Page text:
In announcing the 2005 Nobel Prize for Literature, Horace Engdahl, chairman of the Swedish Academy, said that British playwright Harold Pinter was an artist “who in his plays uncovers the precipice under everyday prattle and forces entry into oppression’s closed rooms.”

Pinter, 75, has written 29 plays, including “The Birthday Party,” “The Caretaker,” “The Homecoming,” and “Betrayal”; 21 screenplays, including “The Servant,” “The Go-Between” and “The French Lieutenant’s Woman”; and directed 27 theatre productions.

Pinter’s interest in politics is a very public one and he has been outspoken against the bombing of Afghanistan and the war on Iraq. When the award was announced, he told reporters: “I am both deeply engaged in art and deeply engaged in politics and sometimes those two meet and sometimes they don’t. It’s all going to be very interesting.”

In a speech in March, Pinter said, “We have brought torture, cluster bombs, depleted uranium, innumerable acts of random murder, misery and degradation to the Iraqi people and call it ‘bringing freedom and democracy to the Middle East.’”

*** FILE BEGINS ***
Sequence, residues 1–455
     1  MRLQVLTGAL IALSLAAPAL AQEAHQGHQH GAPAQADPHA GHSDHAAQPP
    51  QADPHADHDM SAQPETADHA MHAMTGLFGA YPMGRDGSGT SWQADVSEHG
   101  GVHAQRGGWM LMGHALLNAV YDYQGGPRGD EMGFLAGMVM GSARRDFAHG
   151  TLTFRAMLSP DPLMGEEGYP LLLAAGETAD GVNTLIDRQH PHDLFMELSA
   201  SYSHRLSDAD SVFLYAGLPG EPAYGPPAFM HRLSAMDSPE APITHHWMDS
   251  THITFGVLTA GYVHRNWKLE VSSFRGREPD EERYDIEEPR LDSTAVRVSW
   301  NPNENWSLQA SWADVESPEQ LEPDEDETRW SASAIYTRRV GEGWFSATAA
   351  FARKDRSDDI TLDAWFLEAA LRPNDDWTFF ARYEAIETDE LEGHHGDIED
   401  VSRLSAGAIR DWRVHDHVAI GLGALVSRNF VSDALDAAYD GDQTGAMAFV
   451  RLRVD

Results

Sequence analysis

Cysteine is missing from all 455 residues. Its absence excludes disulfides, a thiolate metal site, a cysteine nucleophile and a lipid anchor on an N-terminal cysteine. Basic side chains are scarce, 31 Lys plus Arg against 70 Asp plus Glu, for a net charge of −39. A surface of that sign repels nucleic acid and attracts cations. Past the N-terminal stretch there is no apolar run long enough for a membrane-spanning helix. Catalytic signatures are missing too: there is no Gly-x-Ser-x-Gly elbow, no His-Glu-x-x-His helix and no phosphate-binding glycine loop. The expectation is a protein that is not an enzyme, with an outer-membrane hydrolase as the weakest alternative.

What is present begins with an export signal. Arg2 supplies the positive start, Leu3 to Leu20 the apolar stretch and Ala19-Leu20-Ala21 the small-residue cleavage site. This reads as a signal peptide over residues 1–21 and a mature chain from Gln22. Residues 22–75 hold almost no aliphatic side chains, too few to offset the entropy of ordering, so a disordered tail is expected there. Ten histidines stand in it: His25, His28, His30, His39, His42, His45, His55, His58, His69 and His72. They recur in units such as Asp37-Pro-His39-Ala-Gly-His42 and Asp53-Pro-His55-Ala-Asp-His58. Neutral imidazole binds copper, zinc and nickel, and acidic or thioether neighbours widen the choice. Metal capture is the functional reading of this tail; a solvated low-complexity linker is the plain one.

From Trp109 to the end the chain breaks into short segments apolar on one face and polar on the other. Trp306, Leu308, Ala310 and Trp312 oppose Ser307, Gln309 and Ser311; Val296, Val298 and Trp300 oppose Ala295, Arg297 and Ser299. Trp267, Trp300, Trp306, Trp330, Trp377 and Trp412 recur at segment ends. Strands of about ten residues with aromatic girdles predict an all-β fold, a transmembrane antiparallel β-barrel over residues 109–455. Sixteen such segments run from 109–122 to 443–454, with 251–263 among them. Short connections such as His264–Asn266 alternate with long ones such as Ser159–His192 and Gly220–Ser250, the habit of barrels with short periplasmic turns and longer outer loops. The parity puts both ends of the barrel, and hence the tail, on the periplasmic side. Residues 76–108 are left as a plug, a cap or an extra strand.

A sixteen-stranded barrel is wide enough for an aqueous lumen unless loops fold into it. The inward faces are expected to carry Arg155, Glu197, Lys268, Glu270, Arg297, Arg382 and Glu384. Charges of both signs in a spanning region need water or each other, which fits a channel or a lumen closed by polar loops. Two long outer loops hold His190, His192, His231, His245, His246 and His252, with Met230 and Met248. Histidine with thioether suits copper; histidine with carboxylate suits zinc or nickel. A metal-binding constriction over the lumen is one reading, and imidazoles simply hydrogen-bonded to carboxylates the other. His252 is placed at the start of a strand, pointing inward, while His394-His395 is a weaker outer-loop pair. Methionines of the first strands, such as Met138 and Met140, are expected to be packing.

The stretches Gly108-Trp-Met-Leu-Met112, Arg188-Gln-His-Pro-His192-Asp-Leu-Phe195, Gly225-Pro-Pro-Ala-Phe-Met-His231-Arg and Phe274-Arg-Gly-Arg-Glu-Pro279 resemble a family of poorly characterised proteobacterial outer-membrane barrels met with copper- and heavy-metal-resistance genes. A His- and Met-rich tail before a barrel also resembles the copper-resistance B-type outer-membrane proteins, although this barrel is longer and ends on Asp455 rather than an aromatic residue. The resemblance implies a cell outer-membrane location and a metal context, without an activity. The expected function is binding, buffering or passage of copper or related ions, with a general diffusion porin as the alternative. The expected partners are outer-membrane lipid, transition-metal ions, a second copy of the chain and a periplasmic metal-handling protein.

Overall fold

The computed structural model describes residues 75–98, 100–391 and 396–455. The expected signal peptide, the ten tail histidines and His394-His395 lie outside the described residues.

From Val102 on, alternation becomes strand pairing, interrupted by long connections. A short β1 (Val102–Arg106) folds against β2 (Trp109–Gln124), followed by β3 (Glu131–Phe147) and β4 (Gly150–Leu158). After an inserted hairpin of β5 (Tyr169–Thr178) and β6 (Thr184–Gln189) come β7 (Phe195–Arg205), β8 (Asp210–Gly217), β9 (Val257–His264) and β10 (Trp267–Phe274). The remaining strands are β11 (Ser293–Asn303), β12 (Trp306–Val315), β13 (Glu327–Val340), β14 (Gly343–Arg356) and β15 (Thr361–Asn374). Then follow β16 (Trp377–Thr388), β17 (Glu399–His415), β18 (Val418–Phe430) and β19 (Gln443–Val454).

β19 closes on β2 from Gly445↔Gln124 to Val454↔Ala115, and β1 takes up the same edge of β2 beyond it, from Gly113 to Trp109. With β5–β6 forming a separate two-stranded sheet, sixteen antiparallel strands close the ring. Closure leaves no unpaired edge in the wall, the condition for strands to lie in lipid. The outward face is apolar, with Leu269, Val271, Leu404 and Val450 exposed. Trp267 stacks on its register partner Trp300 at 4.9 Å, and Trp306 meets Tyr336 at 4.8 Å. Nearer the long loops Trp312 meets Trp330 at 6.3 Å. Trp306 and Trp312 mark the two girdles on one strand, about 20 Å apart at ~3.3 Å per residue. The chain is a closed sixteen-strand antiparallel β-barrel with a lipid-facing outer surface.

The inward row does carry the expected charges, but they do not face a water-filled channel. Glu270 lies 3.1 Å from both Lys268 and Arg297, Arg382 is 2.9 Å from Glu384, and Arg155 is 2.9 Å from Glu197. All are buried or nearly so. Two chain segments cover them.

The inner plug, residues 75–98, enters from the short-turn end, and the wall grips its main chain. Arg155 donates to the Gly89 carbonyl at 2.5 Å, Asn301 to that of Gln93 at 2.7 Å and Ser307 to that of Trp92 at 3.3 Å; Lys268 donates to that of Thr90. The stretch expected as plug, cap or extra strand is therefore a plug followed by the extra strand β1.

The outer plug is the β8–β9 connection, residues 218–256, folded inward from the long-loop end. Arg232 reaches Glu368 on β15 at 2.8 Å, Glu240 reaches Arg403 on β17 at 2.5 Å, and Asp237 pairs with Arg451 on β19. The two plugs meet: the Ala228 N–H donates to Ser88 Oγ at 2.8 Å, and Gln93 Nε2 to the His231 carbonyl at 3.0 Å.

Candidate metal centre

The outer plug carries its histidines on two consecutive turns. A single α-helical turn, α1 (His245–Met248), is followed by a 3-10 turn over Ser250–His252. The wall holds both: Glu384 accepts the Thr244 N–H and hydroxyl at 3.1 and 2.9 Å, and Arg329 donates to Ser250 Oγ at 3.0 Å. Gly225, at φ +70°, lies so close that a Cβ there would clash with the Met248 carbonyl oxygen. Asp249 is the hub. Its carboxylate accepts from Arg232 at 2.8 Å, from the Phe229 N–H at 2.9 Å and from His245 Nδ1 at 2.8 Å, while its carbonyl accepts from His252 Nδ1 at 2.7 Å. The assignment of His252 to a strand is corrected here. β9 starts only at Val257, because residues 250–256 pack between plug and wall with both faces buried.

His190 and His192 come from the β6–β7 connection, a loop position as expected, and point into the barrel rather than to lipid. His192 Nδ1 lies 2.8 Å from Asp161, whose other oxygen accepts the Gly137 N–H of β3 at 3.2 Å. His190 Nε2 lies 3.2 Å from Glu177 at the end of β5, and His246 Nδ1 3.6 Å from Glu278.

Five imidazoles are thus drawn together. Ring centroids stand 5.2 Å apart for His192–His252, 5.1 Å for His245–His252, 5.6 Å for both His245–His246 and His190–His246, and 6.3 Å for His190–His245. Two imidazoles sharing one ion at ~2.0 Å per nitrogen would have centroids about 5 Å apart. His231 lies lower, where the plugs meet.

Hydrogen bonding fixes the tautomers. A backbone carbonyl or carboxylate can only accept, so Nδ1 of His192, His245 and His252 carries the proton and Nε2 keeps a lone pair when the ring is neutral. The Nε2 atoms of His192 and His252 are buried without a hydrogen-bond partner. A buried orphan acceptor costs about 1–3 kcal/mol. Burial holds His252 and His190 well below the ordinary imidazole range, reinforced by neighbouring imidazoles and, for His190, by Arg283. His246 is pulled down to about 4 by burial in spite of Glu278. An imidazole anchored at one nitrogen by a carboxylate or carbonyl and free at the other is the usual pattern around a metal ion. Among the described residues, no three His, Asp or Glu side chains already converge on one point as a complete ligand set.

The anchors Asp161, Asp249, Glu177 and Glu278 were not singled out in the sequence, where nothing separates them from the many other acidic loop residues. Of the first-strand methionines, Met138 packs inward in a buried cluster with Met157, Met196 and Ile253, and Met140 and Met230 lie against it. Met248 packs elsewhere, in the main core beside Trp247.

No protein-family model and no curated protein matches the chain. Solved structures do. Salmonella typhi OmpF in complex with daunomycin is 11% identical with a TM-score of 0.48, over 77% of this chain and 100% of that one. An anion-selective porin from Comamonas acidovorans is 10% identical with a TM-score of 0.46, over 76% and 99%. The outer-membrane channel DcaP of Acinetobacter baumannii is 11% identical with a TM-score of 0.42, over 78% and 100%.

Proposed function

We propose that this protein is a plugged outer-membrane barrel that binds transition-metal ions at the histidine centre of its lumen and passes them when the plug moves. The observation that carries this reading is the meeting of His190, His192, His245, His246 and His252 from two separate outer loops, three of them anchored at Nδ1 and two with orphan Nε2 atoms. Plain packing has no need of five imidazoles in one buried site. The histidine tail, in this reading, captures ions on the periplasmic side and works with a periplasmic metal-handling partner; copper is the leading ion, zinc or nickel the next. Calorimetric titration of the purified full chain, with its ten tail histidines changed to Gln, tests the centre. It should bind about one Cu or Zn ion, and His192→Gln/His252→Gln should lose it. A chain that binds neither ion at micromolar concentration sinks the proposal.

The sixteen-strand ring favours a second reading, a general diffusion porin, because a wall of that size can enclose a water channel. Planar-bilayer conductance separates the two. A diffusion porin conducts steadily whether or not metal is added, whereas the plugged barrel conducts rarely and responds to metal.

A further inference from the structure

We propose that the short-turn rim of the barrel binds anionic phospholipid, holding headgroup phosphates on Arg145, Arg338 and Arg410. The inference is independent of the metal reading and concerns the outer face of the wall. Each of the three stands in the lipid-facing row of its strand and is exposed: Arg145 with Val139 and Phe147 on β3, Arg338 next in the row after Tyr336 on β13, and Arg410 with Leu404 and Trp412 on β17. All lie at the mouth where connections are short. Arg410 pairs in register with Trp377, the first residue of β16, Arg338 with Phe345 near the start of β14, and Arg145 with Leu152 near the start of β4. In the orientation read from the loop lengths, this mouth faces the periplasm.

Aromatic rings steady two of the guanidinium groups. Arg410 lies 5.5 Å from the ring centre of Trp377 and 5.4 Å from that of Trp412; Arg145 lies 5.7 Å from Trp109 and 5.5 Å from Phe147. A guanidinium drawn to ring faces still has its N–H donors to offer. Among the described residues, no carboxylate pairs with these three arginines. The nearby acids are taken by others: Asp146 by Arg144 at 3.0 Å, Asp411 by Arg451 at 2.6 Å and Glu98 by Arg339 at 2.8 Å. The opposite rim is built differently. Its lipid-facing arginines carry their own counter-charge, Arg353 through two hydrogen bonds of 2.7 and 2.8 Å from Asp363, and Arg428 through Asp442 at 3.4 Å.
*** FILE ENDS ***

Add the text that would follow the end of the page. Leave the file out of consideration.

Last year, Pinter received the Wilfred Owen award, named after the great antiwar poet of the first World War, given on the 90th anniversary of the out break of that war, in which Owen was killed at the age of 25. The award was given for Pinter’s collection of work criticizing the war in Iraq.

Two years earlier, Pinter had been diagnosed with cancer but still participated in public readings in opposition to the war.

During his youth in London, Pinter experienced anti-Semitism, which he said had been important in his decision to become a dramatist. He was fined for being a conscientious objector in 1949 after refusing to do national service.

Barbara Russum contributed to this story.

The Bombs

There are no more words to be said
All we have left are the bombs
Which burst out of our head
All that is left are the bombs
Which suck out the last of our blood
All we have left are the bombs
Which polish the skulls of the dead
— Harold Pinter

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